Three congressional lawmakers from California are accusing the U.S. Department of Justice of overreach in an ongoing crackdown against Harborside Health Center, widely considered to be the largest and one of the most well-respected medical marijuana dispensaries in the nation. “We believe DOJ has overstepped its bounds in the Harborside case,” Reps. Dana Rohrabacher (R), Sam Farr (D) and Barbara Lee (D) wrote in a letter last week about U.S. Attorney Melinda Haag’s effort to shut down the Oakland, California-based Harborside. “We believe DOJ is not acting within the spirit or the letter of the law nor in the best interests of the people who depend on Harborside for reliable, safe medical marijuana.” The letter notes that public acceptance of medical marijuana has grown nationally, even as federal policy on the substance “stagnates.” To highlight his support, Rohrabacher posed with Harborside’s co-founder and executive director, Steve DeAngelo, at the dispensary.
Drafters of this year’s proposal to legalize marijuana in Ohio said Tuesday they’ve added language to allow adults over 21 to get a license to grow at home. They also cut the suggested tax on retail sales from 15 percent to 5 percent. Until Tuesday, the proposed constitutional amendment from ResponsibleOhio said nothing about people growing at home. Lydia Bolander, the group’s spokeswoman, said “[W]e had a lot of input from experts and concerned citizens, not just here in Ohio but nationwide,” Bolander said, “and the more we thought about it, staying silent on the home-grow issue was only going to create more confusion.” ResponsibleOhio needs to collect at least 306,000 signatures to place the proposed amendment on the November ballot. The amendment would provide for 10 privately owned grow sites – three of which would be in Greater Cincinnati. But potential supporters argued that leaving out home growers could hurt the proposal.
Vermont could become the first state in history to legalize recreational marijuana via state legislature with a new bill submitted Tuesday that aims to end prohibition of the plant. Senate Bill 95 would legalize the possession, use and sale of recreational marijuana in the state for those 21 and older. Adult residents could possess up to an ounce of marijuana and grow up to nine plants (two mature, seven immature) for personal use, including any additional marijuana produced by those plants. Personal cultivation would be limited to secure indoor facilities. Non-residents could also enjoy the new laws, legally purchasing up to one-quarter of an ounce of marijuana from a licensed retail shop. The bill also proposes an excise tax of $40 per ounce of marijuana flower, $15 per ounce of any other marijuana product and a $25 tax on each immature cannabis plant sold by a cultivator.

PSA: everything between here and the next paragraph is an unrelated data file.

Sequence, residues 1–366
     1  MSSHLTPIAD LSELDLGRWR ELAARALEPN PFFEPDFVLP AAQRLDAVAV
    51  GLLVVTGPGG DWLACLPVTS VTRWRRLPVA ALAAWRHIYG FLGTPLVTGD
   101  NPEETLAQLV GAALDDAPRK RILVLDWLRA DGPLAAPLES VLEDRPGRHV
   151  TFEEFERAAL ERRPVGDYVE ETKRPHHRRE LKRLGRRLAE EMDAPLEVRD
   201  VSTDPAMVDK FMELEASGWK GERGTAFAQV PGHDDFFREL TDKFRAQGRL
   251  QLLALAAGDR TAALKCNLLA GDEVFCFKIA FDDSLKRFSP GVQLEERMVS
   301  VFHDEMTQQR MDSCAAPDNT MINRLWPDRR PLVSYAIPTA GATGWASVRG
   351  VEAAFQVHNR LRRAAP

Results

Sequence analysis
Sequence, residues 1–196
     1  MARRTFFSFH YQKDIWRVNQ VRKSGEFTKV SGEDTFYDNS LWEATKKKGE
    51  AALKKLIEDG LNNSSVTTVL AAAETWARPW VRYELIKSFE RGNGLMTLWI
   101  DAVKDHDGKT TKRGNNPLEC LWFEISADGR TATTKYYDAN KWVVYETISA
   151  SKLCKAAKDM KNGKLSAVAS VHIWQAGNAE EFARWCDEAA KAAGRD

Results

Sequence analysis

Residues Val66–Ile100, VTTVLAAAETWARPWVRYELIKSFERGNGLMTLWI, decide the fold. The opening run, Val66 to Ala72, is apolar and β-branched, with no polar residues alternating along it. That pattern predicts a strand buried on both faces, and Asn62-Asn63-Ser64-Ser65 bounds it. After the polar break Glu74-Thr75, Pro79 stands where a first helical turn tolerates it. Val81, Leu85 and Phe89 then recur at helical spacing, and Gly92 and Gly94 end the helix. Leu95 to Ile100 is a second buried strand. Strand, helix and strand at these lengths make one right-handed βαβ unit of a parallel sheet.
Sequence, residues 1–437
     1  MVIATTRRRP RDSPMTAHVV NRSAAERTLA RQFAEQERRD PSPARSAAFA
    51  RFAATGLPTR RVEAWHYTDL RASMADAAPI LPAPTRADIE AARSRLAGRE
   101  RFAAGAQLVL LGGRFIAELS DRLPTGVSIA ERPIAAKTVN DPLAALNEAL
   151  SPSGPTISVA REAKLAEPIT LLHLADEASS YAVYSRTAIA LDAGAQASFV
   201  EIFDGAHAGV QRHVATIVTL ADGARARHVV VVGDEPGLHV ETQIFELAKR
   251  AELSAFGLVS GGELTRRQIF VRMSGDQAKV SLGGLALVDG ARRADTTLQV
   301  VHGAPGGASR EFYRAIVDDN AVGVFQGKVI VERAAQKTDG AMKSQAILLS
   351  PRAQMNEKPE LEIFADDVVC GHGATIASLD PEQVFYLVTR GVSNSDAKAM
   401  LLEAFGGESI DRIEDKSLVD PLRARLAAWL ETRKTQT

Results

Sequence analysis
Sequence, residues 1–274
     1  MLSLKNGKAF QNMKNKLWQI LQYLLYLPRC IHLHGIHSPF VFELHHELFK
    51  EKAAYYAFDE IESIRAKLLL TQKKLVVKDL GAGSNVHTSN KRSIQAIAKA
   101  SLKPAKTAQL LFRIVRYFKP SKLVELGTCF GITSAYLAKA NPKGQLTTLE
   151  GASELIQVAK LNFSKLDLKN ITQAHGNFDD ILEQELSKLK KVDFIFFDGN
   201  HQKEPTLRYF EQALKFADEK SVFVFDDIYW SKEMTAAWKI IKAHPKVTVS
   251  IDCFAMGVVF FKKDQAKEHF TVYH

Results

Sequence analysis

Several veterans showed up Tuesday at the Washington State Capitol to testify in favor of Senate Bill 5379, which would add PTSD to the list of terminal or debilitating conditions that qualify patients for medical marijuana use. Sen. Steve Hobbs, D-Lake Stevens, said that adding PTSD to the list of eligible diagnoses would help veterans who continue to suffer from wartime injuries and psychological stress. Hobbs, who is the prime sponsor of the legislation, served in Kosovo and Iraq and is a member of the Army National Guard. Active duty service members and reservists are banned from using marijuana under federal rules, even if it is to treat a medical condition. Veterans who have left the service, however, are not subject to the same rules, and several veterans told lawmakers Tuesday that using cannabis won’t affect the federal disability benefits they receive.
A group of activists gathered in the New Jersey’s largest city Wednesday to announce a new coalition that will advocate for the legalization, taxation, and regulation of marijuana. A string of speakers today officially launched “New Jersey United for Marijuana Reform” during a press conference in Newark. The coalition – which is made up of members like the ACLU-New Jersey, NAACP State Conference of New Jersey, and Law Enforcement Against Prohibition – argued that legalizing the drug would increase revenue to the state, lighten enforcement burdens on police departments and prosecutors, and streamline usage. The group cited statistics claiming that New Jersey police officers make about 21,000 marijuana-related arrests each year, and argued that the time spent processing these arrests could be focused on other “more serious” crimes. Gov. Chris Christie has said that he will not support the legalization of recreational marijuana, arguing that it gives the wrong message to the state’s children.